Area Expedition Conference
Notes PMID:32102480 Approved no
Call Number GFZ @ kyba @ Serial (down) 2832
Permanent link to this record
 

 
Author Letzkus, L.
Title Red Light at Night: A Feasibility Study in Hospitalized Patients Type Journal Article
Year 2020 Publication MEDSURG Nursing Abbreviated Journal
Volume 29 Issue 1 Pages 38-42
Keywords Human Health
Abstract Light can be a noxious stimulus during hospitalization. The study evaluated use of a red night-light intervention for hospitalized adults. The red light was found to be a feasible intervention and well received by participants.
Address
Corporate Author Thesis
Publisher Place of Publication Editor
Language Summary Language Original Title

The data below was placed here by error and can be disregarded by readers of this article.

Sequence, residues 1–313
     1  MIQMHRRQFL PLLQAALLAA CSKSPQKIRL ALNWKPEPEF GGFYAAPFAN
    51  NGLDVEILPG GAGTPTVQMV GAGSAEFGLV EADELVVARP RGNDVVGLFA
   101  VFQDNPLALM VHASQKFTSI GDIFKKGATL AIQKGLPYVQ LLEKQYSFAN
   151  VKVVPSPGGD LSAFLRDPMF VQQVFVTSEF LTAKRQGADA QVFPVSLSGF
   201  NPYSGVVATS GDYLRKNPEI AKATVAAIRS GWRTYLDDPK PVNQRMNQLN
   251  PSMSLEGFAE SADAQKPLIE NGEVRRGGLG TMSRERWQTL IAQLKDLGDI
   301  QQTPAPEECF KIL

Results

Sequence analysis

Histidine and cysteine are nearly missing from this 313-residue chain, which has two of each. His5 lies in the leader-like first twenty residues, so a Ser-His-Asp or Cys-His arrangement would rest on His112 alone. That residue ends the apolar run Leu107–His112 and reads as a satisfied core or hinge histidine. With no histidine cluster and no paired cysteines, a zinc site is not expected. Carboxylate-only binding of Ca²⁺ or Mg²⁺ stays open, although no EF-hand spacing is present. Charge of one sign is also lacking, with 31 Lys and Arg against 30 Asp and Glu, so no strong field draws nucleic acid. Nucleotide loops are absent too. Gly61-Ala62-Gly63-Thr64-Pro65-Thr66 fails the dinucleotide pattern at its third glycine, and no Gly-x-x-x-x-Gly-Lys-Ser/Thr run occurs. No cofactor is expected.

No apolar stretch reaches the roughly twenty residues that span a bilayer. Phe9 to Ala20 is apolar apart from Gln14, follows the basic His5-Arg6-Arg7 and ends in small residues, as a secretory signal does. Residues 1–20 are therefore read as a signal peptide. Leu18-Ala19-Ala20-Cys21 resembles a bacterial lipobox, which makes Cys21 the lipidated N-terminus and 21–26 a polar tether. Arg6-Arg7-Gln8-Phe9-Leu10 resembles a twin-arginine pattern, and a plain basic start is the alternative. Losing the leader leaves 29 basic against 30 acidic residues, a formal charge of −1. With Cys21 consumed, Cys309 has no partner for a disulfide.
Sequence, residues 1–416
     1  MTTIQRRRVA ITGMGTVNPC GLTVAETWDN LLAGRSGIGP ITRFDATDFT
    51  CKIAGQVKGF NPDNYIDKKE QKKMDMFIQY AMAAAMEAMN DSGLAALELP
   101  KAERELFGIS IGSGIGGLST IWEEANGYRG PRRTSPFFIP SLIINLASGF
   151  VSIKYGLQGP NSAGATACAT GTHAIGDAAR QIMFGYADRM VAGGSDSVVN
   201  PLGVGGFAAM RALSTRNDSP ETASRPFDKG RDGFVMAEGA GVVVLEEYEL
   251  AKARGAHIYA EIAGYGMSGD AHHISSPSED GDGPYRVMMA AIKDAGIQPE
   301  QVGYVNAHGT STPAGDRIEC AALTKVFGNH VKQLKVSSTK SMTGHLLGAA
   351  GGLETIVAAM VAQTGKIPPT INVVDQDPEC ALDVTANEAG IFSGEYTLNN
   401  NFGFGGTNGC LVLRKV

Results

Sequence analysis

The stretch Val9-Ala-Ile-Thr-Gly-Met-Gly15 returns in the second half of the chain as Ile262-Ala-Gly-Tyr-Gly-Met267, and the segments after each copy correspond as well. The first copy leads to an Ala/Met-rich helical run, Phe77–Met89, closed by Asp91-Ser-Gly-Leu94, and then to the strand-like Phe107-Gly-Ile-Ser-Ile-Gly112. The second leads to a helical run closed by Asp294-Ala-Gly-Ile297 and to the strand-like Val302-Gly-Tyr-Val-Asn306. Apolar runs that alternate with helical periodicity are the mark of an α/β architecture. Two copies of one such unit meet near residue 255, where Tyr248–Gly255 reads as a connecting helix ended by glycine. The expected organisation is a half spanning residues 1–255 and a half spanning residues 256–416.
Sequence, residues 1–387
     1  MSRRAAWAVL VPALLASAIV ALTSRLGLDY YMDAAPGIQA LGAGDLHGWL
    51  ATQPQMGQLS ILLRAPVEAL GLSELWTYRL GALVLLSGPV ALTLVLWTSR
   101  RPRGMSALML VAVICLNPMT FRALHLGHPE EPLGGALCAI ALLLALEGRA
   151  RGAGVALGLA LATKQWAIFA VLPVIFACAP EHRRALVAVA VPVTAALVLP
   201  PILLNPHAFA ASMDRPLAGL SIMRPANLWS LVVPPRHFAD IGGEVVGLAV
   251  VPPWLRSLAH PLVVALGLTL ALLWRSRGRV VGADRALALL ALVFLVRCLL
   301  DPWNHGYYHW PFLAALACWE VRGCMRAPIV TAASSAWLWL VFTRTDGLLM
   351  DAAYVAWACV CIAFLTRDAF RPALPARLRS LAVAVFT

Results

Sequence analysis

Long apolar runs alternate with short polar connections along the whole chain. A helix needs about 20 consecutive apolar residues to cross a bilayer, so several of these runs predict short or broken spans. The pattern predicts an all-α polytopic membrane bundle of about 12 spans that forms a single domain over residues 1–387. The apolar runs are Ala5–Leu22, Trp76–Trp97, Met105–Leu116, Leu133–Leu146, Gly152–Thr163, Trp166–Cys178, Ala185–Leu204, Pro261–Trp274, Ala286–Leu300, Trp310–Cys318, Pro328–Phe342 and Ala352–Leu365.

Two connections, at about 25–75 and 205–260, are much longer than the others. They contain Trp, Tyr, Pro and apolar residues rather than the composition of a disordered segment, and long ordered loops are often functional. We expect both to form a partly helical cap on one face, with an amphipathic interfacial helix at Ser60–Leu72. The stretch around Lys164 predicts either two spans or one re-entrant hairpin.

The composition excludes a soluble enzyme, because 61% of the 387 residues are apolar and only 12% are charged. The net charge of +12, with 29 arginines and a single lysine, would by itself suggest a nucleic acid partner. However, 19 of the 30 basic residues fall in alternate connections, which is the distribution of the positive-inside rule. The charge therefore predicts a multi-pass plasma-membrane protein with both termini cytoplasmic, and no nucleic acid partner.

Series Editor Series Title Abbreviated Series Title
Series Volume Series Issue Edition
ISSN ISBN Medium
Area Expedition Conference
Notes Approved no
Call Number GFZ @ kyba @ Serial (down) 2831
Permanent link to this record
 

 
Author Pan, Y.-R.; Song, J.-Y.; Fan, B.; Wang, Y.; Che, L.; Zhang, S.-M.; Chang, Y.-X.; He, C.; Li, G.-Y.
Title mTOR may interact with PARP-1 to regulate visible light-induced parthanatos in photoreceptors Type Journal Article
Year 2020 Publication Cell Communication and Signaling : CCS Abbreviated Journal Cell Commun Signal
Volume 18 Issue 1 Pages 27
Keywords Health; Aif; Parp-1; Parthanatos; Retinal neuroprotection; Sirt1; mTOR